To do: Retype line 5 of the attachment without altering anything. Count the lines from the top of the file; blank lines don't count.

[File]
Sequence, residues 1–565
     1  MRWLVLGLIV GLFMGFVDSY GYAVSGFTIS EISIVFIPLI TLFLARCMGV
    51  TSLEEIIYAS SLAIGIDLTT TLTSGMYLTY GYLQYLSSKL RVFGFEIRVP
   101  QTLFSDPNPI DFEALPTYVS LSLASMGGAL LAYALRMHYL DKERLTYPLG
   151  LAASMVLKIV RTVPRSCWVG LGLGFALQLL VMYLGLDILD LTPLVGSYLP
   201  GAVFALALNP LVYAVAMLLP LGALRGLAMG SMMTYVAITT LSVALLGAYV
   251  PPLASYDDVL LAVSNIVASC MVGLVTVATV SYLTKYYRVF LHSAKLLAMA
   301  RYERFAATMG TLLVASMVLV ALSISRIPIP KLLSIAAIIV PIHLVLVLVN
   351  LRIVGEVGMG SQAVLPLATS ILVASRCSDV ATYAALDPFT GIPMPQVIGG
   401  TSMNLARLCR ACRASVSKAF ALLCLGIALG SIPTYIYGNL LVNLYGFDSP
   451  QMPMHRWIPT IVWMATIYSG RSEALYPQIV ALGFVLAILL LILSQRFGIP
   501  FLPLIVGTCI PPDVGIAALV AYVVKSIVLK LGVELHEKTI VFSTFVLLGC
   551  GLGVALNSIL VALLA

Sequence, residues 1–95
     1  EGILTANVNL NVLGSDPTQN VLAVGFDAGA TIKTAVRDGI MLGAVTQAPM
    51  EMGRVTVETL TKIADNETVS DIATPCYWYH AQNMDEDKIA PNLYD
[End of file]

   151  LAASMVLKIV RTVPRSCWVG LGLGFALQLL VMYLGLDILD LTPLVGSYLP